By the way, Tuesday was not the first time The New York Times bought hook, line, and sinker into an education study and trumpeted it on the front page only to discover big problems. For instance, in 2002 a breathless headline and story announced a major new study on high stakes testing. That study was later discredited when the data was reanalyzed using proper statistical methods. This subsequent NYT story tried to clear up the problem.
The two episodes have something in common. In both cases the body of research evidence is mixed. Nonetheless, in both The Times chose to present one-side as definitive and apparently did not evaluate the studies in question.
2002 high-stakes testing lede:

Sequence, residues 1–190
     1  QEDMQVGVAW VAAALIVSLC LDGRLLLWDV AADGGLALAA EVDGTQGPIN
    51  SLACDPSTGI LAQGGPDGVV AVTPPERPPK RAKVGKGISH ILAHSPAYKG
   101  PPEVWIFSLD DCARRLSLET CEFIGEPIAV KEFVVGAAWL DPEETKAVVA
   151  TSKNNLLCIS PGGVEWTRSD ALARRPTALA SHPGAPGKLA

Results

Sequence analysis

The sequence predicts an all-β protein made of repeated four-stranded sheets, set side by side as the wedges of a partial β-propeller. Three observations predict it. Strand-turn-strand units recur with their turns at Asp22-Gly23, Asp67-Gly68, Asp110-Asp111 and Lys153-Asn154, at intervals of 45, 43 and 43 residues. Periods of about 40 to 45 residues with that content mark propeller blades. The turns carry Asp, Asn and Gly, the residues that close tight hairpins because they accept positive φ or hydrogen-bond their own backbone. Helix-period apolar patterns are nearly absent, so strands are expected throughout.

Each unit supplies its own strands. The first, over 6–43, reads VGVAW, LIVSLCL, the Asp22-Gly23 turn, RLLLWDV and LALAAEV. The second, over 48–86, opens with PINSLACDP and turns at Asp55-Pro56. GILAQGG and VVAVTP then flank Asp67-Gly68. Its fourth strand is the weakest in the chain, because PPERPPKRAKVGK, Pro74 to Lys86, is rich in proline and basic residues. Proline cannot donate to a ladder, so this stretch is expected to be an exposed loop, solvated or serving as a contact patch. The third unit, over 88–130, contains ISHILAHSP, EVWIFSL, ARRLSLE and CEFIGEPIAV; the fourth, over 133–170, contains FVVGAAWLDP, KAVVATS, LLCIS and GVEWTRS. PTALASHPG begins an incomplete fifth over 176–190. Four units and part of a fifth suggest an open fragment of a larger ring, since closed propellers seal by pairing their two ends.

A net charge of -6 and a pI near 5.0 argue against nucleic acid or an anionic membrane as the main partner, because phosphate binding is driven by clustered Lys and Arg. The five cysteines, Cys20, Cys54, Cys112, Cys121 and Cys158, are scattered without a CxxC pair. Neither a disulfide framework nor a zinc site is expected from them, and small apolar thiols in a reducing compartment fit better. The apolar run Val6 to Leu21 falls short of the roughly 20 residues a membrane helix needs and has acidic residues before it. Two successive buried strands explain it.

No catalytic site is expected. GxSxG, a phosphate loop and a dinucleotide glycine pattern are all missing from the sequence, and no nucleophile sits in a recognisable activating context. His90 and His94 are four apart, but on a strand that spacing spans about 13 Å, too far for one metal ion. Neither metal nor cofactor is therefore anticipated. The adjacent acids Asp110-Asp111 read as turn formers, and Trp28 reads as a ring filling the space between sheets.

Rigorous testing that decides whether students graduate, teachers win bonuses and schools are shuttered, an approach already in place in more than half the nation, does little to improve achievement and may actually worsen academic performance and dropout rates, according to the largest study ever on the issue.
Tuesday’s charter school story lede:
The first national comparison of test scores among children in charter schools and regular public schools shows charter school students often doing worse than comparable students in regular public schools.
The findings, buried in mountains of data the Education Department released without public announcement, dealt a blow to supporters of the charter school movement, including the Bush administration.
Oh yeah, one other commonality: The high stakes testing “study” was commissioned by the NEA…